Ischemic conditioning is one of the most potent activators of endogenous protection against ischemia-reperfusion injury. Remote Ischemic Conditioning (RIC) can be applied as repeated short-lasting ischemia in a distant tissue that results in protection against subsequent long-lasting ischemic injury in the target organ. This protection can be applied prior to or during a prolonged ischemic event as remote ischemic pre-conditioning (RIPreC) and per-conditioning (RIPerC), respectively, or immediate after reperfusion as remote ischemic post-conditioning (RIPostC). RIC is commonly achieved by inflation of a blood pressure cuff to induce 5-minute cycles of limb ischemia alternating with 5 minutes of reperfusion.

Preclinical studies show that RIC induces a promising infarct reduction in an experimental stroke model. Results from a recent proof-of-concept study at our institution indicate that RIPerC applied during ambulance transportation as an adjunctive to in-hospital IV tPA increases brain tissue survival after one month. Furthermore, RIPerC patients had less severe neurological symptoms at admission and tended to have decreased perfusion deficits.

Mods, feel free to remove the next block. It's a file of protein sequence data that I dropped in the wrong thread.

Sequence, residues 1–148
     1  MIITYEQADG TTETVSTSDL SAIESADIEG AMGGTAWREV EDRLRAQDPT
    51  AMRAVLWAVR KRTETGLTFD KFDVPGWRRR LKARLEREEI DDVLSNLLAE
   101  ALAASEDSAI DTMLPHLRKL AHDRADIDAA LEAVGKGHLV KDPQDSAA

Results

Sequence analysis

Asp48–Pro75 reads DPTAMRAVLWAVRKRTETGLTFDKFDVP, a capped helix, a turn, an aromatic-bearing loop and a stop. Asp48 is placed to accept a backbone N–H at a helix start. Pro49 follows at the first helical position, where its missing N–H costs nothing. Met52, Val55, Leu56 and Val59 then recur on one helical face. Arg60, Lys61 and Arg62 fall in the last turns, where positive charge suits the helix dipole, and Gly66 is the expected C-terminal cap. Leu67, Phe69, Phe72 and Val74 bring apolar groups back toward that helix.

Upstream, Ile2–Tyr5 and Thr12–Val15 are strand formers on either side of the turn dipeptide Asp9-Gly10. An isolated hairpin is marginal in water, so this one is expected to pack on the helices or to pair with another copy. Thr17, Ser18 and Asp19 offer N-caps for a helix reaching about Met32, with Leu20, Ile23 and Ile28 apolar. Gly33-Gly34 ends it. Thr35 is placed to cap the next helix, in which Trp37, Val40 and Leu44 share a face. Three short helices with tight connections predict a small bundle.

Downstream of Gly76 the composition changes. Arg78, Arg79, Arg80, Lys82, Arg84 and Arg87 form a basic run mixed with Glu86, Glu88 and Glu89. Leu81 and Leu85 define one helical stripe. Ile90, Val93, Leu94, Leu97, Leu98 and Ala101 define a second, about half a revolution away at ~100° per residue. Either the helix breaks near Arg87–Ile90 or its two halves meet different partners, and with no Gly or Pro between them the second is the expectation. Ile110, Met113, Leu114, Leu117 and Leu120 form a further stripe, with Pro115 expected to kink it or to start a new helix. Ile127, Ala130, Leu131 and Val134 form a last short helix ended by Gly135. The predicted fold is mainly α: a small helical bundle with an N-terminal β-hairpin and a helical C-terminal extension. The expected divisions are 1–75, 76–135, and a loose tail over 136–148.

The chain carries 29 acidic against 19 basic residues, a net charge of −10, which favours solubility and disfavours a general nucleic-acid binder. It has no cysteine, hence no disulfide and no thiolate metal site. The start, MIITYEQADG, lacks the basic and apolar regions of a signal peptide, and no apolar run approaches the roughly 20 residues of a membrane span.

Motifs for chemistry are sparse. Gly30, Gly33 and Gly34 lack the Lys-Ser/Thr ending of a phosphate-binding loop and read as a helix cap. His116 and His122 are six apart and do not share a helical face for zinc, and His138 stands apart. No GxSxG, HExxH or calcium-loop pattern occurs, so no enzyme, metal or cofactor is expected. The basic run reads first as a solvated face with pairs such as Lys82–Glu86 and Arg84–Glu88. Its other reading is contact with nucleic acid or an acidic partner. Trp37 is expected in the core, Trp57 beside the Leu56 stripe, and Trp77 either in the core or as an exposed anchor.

To-date, no serious adverse events have been documented in RIC.

RIC is a non-pharmacologic and non-invasive treatment without noticeable discomfort that has first-aid potential worldwide. However, whether combined remote ischemic per- and postconditioning can improve long-term recovery in AIS and ICH has never been investigated in a randomized controlled trial.

Condition Stroke, Acute, Ischemic Stroke, Hemorrhagic Stroke, Intracerebral Hemorrhage, Cerebrovascular Disorders, Central Nervous System Diseases
Treatment Remote Ischemic conditioning, Sham Remote Ischemic Conditioning
Clinical Study IdentifierNCT03481777
SponsorGrethe Andersen
Last Modified on26 March 2022


Yes No Not Sure

Inclusion Criteria

Male and female patients (≥ 18 years)
Prehospital putative stroke (Prehospital Stroke Score, PreSS >= 1)
Onset of stroke symptoms < 4 hours before RIC/Sham-RIC